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Mesa Verde National Park: Reinterpreting a Landscape

By Brenda Barrett October 31, 2019
Ranger tour of Cliff Palace Mesa Verde National Park

The word landscape jumps out at you on many of the interpretative signs at Mesa Verde National Park and the real thing is before you at every overlook.  The park established in 1906, ten years before the creation of the National Park Service, was later designated as the first World Heritage cultural site in the United States (1978). The original motive for creating the park came out of a growing interest in the archaeology of the Southwest that also lead to the creation of national monuments such as Chaco Canyon, Bandelier, Hovenweep and Aztec Ruins.  What made Mesa Verde standout to the early settlers and explorers were the extensive ‘cliff houses and ancient ruins’. In 1892 the writer Frederick Chapin visited one of the larger sites and described it as “occupying a great oval space under a grand cliff wonderful to behold, appearing like an immense ruined castle with dismantled towers.” 

Mesa Verde National Park’s World Heritage Plaque prominently displayed at the entrance to the park’s Chapin Museum

 In part it was this cross-cultural comparison of the structures to European building types that focused attention on Mesa Verde as something special in North America – a place that needed to be preserved. This was not to say the that the artifacts associated with the site were not seen as important. In fact, the designation was made more urgent by the continued threat of pothunting and vandalism of the sites in the cliffs and on the mesa tops.

For years Mesa Verde National Park was described as a place shrouded in mystery. The people who lived there were portrayed as having suddenly abandoned the cliff dwelling and just disappeared. The builders were labeled the Anasazi a term derived from the Navajo word meaning ‘ancient ones’ or alternatively ‘ancient enemies’, which added to the confusion. Now we know that these people did not disappear, but migrated south to become the ancestors of the modern-day pueblo and Hopi people.  Today park interpretation refers to the cliff dwellers as Ancestral Puebloans who like so many people around the globe migrated to other places for other opportunities. 

Just as importantly, current research places the people of Mesa Verde in a much larger regional context. Settlements that date from between 350 BC and AD 1300, the span of settlement on Mesa Verde, are found throughout southwestern Colorado and in the Four Corners region. Current research also links the people of Mesa Verde to one of the centers of Puebloan culture Chaco Cultural National Historical Park  another World Heritage site (1987).  As our ranger said on a recent tour of Cliff Palace, by the 1200s the region had a larger population than live here today. He told us that if we could have looked out from the tops of the mesas at night, we would see the fires from towns and villages that spread to the horizon. This image helps visualize the peopling of the region at a landscape scale.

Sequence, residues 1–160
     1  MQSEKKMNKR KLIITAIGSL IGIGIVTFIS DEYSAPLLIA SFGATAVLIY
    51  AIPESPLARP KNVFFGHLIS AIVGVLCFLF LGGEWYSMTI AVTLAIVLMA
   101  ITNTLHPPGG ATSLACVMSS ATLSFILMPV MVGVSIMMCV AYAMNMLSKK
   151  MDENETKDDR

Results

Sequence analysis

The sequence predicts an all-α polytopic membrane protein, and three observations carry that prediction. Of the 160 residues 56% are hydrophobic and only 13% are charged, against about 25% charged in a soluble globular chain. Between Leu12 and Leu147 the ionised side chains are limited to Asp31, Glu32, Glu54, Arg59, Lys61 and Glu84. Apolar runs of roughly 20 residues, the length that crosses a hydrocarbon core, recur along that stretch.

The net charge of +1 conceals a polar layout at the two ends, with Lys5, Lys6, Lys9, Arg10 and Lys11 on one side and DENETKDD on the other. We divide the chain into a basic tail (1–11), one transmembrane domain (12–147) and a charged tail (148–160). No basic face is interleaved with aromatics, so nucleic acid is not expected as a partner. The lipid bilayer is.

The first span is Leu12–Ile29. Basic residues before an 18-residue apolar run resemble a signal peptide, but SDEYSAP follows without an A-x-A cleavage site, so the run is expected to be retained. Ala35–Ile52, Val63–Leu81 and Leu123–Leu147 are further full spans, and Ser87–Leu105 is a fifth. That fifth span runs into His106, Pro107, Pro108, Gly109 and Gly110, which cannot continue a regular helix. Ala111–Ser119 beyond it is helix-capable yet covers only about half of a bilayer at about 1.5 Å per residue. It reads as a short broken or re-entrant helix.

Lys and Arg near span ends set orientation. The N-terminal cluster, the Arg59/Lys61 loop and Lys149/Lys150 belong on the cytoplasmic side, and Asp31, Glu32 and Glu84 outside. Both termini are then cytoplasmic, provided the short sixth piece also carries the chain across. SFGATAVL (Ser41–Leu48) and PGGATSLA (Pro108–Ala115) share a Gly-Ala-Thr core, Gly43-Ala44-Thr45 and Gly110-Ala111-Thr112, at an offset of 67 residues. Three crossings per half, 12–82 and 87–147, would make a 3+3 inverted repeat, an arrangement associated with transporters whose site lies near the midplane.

Burned landscape on Wetherill Mesa

The newer interpretation gives visitors a better understanding of the past population of Mesa Verde, but does not answer the question of why did they leave the region after 1300s? Possibly for some the same threats that hover over the Mesa Verde today – changes in the environment and changes in climate. The park has not shied away from this topic. A recent study has shown that today’s hot and dry conditions in Mesa Verde have exceeded climates fluxes in the past.  A park resource manager noted that nearly 70% of the landscape in the 52,485-acre park has been altered in just the last few decades for reasons that tie directly back to climate change. Namely, drought-driven fires.h

This has had a severe impact on the mesa top landscape fires have been able to take hold that have burned off acres and acres of the pinon-juniper forests. While periodic droughts were common to the region in the past, the current level is unprecedented. A 2016 UNESCO report on World Heritage and Tourism in a Changing Climate hspecifically identified the park as facing serious risks rising temperatures and declining rainfall. A combination could cause increased wildfires that might irreversibly damage the park. 

Banner at the entrance to the Park Museum

How is the park telling these newer stories? First, by recognizing the ancestral Puebloan roots of the people of Mesa Verde in park waysides and in ranger talks and programs,  and  also by offering  forthright statements on climate change. A prominent banner in the Chapin Museum states that while climate change has always been with us “Today the rate of change is greater than in any other time in the earth’s history.”

Mesa Verde National Park has relatively lower visitation (563,000 in 2018) compared to some other parks on the Colorado Plateau with over 1.5 million visors a year. However, it is no backwater when it comes to sharing the latest findings in history and science. 

Congratulations to all! 

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